ExcelTips is your source for cost-effective Microsoft Excel training. This tip (2772) applies to Microsoft Excel 97, 2000, 2002, and 2003.

Author Bio

Allen Wyatt

With more than 50 non-fiction books and numerous magazine articles to his credit, Allen Wyatt is an internationally recognized author. He is president of Sharon Parq Associates, a computer and publishing services company. ...

MORE FROM ALLEN

Turning Off Hyperlink Activation

Does it bother you when you enter a URL and it becomes "active" as soon as you press Enter? Here's how you can turn off ...

Discover More

Saving a WordArt Image as a Graphics File

WordArt can be a handy tool for creating all sorts of flourishes on traditional text. If you want to save the graphic ...

Discover More

Applying Styles

Styles are a powerful formatting tool for the text in your documents. Once you've created styles that describe how you ...

Discover More

Save Time and Supercharge Excel! Automate virtually any routine task and save yourself hours, days, maybe even weeks. Then, learn how to make Excel do things you thought were simply impossible! Mastering advanced Excel macros has never been easier. Check out Excel 2010 VBA and Macros today!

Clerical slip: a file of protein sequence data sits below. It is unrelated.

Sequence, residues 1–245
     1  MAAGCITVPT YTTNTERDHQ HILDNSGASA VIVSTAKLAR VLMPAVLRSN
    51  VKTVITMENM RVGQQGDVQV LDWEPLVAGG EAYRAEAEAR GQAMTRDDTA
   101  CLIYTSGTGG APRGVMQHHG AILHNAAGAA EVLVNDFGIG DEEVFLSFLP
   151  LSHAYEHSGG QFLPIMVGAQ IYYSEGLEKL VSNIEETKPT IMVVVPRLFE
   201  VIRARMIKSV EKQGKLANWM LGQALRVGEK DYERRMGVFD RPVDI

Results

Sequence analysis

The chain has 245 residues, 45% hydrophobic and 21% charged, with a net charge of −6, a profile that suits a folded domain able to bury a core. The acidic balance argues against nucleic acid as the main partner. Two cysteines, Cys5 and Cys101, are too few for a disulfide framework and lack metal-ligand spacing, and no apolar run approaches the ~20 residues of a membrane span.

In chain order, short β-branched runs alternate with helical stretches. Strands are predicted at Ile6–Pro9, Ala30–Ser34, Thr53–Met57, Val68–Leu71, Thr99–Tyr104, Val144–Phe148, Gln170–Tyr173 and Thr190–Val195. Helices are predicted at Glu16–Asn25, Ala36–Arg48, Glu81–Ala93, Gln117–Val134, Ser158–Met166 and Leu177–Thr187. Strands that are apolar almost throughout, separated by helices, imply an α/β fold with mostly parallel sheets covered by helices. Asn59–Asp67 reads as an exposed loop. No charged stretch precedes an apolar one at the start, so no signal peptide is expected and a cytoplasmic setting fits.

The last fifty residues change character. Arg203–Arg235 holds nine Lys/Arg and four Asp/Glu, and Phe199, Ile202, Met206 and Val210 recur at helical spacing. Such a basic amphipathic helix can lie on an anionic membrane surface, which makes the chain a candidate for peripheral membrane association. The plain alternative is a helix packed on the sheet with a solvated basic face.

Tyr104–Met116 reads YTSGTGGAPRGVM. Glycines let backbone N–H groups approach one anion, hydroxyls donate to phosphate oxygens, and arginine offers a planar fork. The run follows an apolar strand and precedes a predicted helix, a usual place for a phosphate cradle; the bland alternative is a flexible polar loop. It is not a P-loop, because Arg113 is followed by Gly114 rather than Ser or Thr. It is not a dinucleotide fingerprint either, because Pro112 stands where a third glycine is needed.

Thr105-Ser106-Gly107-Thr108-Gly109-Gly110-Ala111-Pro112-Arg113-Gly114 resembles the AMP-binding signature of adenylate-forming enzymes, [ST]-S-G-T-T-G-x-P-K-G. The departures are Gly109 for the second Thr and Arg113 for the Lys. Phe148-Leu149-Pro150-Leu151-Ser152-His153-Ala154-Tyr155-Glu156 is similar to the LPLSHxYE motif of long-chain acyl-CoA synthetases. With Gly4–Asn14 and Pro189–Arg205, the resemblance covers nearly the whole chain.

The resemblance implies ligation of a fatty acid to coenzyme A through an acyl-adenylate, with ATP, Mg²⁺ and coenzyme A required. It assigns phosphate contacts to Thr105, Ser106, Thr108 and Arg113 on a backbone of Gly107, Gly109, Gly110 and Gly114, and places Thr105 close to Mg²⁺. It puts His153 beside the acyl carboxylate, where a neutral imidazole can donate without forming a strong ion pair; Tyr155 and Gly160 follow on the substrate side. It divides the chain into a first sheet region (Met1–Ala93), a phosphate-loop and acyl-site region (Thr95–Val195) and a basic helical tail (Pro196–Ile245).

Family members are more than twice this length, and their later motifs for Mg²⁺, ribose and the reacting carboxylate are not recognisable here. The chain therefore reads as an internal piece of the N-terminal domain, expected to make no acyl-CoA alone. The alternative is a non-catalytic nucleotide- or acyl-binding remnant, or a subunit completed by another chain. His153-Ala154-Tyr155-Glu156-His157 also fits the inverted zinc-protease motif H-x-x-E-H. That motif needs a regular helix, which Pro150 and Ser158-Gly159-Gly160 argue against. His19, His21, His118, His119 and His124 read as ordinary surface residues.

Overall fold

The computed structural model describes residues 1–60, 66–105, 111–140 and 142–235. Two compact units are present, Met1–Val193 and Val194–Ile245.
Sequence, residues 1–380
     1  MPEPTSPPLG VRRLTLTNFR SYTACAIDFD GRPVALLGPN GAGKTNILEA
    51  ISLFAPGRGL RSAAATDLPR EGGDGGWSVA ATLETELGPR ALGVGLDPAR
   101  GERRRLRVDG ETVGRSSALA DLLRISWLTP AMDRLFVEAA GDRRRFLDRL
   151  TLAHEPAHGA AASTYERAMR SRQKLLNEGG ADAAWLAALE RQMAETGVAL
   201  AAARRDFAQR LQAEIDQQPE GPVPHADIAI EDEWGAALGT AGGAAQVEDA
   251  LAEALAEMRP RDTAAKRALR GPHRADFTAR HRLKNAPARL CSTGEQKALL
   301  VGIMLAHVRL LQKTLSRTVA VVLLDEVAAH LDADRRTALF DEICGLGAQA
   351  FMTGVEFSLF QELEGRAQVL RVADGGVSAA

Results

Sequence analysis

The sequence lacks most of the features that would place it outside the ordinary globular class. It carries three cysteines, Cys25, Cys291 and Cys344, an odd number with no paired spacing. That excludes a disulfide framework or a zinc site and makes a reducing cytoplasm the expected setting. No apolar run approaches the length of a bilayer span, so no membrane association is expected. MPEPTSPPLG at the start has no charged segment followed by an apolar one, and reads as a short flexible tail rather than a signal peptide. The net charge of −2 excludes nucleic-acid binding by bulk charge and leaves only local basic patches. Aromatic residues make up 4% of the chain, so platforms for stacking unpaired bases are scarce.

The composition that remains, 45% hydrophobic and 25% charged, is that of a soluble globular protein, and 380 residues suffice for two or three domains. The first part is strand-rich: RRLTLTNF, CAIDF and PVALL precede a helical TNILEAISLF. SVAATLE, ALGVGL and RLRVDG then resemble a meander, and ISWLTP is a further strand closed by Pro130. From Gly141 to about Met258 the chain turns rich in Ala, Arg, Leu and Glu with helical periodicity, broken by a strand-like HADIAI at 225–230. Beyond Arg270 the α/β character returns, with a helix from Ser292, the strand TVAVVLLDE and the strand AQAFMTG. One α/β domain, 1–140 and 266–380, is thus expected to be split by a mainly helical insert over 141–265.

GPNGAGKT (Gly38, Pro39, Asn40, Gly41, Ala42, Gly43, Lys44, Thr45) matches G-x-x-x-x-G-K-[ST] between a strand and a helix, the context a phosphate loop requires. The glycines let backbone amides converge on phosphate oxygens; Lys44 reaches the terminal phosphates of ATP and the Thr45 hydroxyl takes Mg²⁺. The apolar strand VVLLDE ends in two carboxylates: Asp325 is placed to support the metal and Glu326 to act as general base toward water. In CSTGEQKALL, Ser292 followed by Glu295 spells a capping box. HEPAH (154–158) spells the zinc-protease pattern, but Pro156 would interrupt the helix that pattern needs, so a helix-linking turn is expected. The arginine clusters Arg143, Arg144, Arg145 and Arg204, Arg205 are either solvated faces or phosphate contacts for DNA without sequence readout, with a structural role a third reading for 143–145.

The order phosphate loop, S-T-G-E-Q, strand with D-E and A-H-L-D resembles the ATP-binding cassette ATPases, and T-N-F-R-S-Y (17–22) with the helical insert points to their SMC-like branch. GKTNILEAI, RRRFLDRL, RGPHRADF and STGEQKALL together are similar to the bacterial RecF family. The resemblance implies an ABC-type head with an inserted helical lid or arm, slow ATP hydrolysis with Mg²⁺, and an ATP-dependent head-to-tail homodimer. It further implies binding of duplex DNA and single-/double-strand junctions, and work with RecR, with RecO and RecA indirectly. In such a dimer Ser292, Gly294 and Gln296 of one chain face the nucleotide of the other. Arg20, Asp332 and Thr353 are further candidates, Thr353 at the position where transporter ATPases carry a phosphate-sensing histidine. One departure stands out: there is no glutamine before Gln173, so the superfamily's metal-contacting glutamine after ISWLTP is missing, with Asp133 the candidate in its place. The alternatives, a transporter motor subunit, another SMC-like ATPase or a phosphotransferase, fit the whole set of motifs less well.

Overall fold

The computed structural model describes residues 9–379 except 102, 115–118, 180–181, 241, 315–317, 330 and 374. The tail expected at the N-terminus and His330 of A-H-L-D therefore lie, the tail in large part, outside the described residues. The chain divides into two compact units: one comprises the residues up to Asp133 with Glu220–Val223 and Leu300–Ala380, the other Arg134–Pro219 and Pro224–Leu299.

More ExcelTips (menu)

Replacing Characters at the End of a Cell

The Find and Replace capabilities of Excel can come in handy, but they can't accomplish all your replacement needs. One ...

Discover More

Searching Through Many Workbooks

If you have a folder that contains dozens or hundreds of workbooks, you may need to search through those workbooks to ...

Discover More

Superscripts in Find and Replace

The find and replace used in Excel is less powerful than its counterpart in Word, so it is not able to do some of the ...

Discover More
Subscribe

FREE SERVICE: Get tips like this every week in ExcelTips, a free productivity newsletter. Enter your address and click "Subscribe."

View most recent newsletter.

Comments

If you would like to add an image to your comment (not an avatar, but an image to help in making the point of your comment), include the characters [{fig}] in your comment text. You’ll be prompted to upload your image when you submit the comment. Maximum image size is 6Mpixels. Images larger than 600px wide or 1000px tall will be reduced. Up to three images may be included in a comment. All images are subject to review. Commenting privileges may be curtailed if inappropriate images are posted.

What is four more than 2?

There are currently no comments for this tip. (Be the first to leave your comment—just use the simple form above!)


This Site

Got a version of Excel that uses the menu interface (Excel 97, Excel 2000, Excel 2002, or Excel 2003)? This site is for you! If you use a later version of Excel, visit our ExcelTips site focusing on the ribbon interface.

Newest Tips
Subscribe

FREE SERVICE: Get tips like this every week in ExcelTips, a free productivity newsletter. Enter your address and click "Subscribe."

(Your e-mail address is not shared with anyone, ever.)

View the most recent newsletter.